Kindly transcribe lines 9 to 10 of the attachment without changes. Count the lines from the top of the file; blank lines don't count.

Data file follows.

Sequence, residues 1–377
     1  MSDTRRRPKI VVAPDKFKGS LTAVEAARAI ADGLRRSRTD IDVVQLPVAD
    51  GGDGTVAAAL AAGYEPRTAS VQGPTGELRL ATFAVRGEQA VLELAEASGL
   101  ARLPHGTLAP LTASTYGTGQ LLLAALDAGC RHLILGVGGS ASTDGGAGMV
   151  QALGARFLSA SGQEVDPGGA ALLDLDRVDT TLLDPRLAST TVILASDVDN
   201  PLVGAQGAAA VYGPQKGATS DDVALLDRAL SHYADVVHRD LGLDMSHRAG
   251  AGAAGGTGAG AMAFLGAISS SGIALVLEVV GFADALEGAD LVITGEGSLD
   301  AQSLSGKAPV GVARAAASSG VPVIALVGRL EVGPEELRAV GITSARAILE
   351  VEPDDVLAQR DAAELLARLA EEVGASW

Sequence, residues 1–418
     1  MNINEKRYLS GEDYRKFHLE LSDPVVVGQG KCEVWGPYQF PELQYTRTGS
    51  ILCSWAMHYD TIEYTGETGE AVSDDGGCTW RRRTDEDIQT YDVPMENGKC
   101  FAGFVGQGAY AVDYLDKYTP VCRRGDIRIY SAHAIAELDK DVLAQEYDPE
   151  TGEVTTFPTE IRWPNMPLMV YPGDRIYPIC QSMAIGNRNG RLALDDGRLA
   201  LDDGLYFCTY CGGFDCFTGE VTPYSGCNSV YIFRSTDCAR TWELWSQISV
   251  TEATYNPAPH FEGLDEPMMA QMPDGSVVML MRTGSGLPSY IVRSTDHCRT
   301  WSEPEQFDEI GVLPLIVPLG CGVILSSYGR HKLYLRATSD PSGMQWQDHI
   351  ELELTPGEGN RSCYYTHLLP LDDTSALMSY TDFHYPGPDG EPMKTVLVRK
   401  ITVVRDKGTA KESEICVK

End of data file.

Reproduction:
   351  VEPDDVLAQR DAAELLARLA EEVGASW

Sequence, residues 1–418